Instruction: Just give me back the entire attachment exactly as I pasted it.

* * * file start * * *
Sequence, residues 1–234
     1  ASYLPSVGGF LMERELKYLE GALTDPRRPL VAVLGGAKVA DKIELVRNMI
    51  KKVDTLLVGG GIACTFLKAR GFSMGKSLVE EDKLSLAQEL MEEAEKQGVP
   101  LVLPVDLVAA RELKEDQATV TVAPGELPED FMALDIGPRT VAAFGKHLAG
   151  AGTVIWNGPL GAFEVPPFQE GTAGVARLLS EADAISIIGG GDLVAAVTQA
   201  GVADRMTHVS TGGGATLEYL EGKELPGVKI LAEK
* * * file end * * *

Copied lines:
Sequence, residues 1–234
     1  ASYLPSVGGF LMERELKYLE GALTDPRRPL VAVLGGAKVA DKIELVRNMI
    51  KKVDTLLVGG GIACTFLKAR GFSMGKSLVE EDKLSLAQEL MEEAEKQGVP
   101  LVLPVDLVAA RELKEDQATV TVAPGELPED FMALDIGPRT VAAFGKHLAG
   151  AGTVIWNGPL GAFEVPPFQE GTAGVARLLS EADAISIIGG GDLVAAVTQA
   201  GVADRMTHVS TGGGATLEYL EGKELPGVKI LAEK